Sunday Snap: The Chalobah Experience, Bart’s return and Kenlock’s chance to impress
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Andy Warren takes a look back at the events and talking points surrounding Ipswich Town’s 2-1 defeat by Aston Villa.
It’s important to remember that this is Trevoh Chalobah’s first full season of adult football and, as a result, the last 29 games have been a major learning curve for the teenager.
This display was a good example of his growth as a footballer over the course of his time at Portman Road.
This was arguably the Chelsea loanee’s most complete display as an Ipswich player, in which he took on added responsibility in the middle of midfield.
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He was calm and composed on the ball, strong in the tackle and had drive in his legs as he looked to get forward and link the Ipswich midfield and attack.
His season has been characterised by ups and downs, with bright and sloppy moments in equal measure, but the lapses in concentration have been fewer of late.
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He was, though, guilty of giving away a clumsy free-kick which led to the first Villa goal but was later unlucky to see his glanced header bounce back off the post.
‘The Chalobah Experience’ is a term I’ve used to describe the midfielder’s up-and-down displays so far this season but that ‘experience’ seems to be doing him good.
Under the radar
The heading to this section accurately describes Myles Kenlock’s Ipswich Town career.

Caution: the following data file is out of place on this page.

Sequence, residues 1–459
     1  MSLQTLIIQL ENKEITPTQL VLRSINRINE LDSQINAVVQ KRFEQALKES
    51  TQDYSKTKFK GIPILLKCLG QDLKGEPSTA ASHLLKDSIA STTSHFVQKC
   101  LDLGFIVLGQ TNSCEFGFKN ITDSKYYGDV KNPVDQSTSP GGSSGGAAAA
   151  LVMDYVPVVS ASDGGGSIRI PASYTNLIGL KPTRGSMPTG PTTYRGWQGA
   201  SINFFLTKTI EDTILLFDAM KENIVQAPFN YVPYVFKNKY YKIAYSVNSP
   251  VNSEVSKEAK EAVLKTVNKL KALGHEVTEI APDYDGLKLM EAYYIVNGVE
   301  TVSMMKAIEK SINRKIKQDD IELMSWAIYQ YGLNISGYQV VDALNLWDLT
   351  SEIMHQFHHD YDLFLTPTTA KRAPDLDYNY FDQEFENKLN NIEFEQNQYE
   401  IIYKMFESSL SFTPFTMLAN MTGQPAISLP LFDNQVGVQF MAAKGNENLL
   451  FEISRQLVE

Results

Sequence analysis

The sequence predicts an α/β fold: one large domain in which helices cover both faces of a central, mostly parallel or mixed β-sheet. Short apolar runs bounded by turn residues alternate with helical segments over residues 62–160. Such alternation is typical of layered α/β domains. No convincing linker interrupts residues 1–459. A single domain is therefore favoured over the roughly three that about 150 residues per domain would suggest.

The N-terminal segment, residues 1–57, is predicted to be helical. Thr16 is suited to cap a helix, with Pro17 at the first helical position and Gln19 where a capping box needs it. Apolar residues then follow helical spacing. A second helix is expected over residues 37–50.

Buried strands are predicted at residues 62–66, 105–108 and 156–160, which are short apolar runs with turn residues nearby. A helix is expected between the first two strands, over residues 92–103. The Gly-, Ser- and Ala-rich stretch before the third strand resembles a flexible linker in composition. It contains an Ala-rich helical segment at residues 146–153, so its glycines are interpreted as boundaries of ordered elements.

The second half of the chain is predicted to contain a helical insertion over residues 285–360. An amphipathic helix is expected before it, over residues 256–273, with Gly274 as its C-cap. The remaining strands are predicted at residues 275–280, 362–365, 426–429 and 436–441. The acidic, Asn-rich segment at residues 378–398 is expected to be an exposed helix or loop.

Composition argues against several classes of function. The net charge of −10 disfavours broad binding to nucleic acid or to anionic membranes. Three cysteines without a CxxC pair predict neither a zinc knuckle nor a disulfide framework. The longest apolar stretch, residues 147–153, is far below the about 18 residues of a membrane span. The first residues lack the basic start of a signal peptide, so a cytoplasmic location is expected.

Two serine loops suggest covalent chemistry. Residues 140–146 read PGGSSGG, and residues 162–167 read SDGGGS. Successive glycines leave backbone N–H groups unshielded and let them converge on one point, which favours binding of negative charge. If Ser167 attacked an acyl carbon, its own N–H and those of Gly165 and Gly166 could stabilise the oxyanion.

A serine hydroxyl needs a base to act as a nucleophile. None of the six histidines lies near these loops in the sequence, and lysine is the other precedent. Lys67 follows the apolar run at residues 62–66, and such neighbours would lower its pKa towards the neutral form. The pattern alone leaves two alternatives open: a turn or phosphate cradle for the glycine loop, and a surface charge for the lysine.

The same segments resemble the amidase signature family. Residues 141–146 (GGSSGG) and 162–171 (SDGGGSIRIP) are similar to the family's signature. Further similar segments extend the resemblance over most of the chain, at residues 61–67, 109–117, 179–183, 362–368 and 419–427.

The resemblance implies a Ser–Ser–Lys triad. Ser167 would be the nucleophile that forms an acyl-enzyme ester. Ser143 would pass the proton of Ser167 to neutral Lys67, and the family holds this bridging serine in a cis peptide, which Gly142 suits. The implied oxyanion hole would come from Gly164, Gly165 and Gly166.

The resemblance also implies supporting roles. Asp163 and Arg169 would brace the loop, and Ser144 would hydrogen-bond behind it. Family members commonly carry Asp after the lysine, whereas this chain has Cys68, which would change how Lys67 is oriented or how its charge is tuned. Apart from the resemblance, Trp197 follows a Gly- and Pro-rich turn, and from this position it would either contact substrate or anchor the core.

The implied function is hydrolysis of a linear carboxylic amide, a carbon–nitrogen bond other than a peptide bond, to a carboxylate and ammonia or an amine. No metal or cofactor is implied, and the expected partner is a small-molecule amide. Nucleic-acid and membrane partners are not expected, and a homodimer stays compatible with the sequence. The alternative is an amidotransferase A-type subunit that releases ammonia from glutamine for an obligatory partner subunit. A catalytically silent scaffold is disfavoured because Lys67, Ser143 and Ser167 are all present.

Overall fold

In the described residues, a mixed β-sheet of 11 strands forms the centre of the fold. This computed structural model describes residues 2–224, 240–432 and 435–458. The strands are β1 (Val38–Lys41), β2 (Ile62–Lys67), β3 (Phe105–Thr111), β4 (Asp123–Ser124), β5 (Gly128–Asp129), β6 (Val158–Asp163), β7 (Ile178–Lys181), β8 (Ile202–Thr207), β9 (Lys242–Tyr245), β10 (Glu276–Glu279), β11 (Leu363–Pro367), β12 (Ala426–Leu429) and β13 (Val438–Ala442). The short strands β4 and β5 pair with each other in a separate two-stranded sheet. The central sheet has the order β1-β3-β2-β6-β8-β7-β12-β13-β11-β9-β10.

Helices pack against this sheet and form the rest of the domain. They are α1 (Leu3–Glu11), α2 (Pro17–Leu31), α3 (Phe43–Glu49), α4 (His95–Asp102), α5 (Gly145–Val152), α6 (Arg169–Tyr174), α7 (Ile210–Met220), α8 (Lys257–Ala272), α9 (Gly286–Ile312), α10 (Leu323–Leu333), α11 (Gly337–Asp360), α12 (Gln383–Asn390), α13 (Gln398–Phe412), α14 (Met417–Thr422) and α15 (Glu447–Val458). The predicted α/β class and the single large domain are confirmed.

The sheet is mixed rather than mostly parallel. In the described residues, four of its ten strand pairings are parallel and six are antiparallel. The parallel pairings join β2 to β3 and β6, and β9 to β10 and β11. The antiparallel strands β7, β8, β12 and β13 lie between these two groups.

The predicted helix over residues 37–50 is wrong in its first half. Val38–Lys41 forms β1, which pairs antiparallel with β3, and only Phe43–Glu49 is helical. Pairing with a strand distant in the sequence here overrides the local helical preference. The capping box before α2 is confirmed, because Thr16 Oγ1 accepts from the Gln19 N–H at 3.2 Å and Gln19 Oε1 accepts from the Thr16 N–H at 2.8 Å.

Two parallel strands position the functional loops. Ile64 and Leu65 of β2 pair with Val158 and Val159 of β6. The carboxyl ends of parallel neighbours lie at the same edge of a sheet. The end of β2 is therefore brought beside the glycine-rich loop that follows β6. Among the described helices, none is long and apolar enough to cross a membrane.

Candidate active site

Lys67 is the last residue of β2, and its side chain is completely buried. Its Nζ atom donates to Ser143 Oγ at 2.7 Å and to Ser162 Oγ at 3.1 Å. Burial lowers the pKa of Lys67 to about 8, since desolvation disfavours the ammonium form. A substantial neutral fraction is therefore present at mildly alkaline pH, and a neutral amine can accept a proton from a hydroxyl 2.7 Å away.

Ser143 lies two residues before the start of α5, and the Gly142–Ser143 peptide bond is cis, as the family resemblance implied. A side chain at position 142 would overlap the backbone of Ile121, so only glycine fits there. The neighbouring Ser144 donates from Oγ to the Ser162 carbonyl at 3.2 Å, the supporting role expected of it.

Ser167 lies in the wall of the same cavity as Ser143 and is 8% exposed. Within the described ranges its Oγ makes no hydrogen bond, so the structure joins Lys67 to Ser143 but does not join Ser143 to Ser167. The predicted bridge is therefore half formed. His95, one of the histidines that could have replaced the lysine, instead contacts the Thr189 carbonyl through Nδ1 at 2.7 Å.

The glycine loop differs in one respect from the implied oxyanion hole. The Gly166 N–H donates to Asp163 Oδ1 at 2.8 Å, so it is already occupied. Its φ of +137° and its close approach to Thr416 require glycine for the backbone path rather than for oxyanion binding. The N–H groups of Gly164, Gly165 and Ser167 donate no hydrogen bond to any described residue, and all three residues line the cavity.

He’s struggled for regular minutes under three successive managers.
The 22-year-old was in-and-out under Mick McCarthy and clearly behind Jonas Knudsen in the pecking order despite never letting his former boss down.
He played just six minutes under Paul Hurst before taking two months to make it onto the field under Paul Lambert and then losing his place to Callum Elder on the back of two good performances.
But he was back in the side for this game and put in another good performance.
He was left exposed for much of the game, given Alan Judge’s preference to drift inside off the left flank, but stood his ground well. He linked well with the Irishman, though and got forward effectively to help out in attack.
You would expect he has done enough to keep his place for the visit of Sheffield Wednesday next weekend at what is a vital point in the left-back’s career.
He’s out of contract in the summer, with Ipswich holding an option to extend his deal. Kenlock may just have the perfect chance to showcase his ability and earn a new contract.
Could have done more
It was a busy return to the starting line-up for goalkeeper Bartosz Bialkowski.
It was a game packed with ups and downs, too.
He could perhaps have been more dominant and come to punch the free-kick which led to Tammy Abraham’s first goal and there were a succession of shots spilt back into the penalty area which he would have been grateful to be able to pounce on or see cleared by defenders.
There were reminders of just how good the goalkeeper can be, too, with a late save to deny Abraham his hat-trick the pick of the bunch.
The Pole has been worth his weight in gold for three years now before a dip in his high standards this season but, if he can return to his consistent best, Ipswich may just have half a chance of digging themselves out of trouble.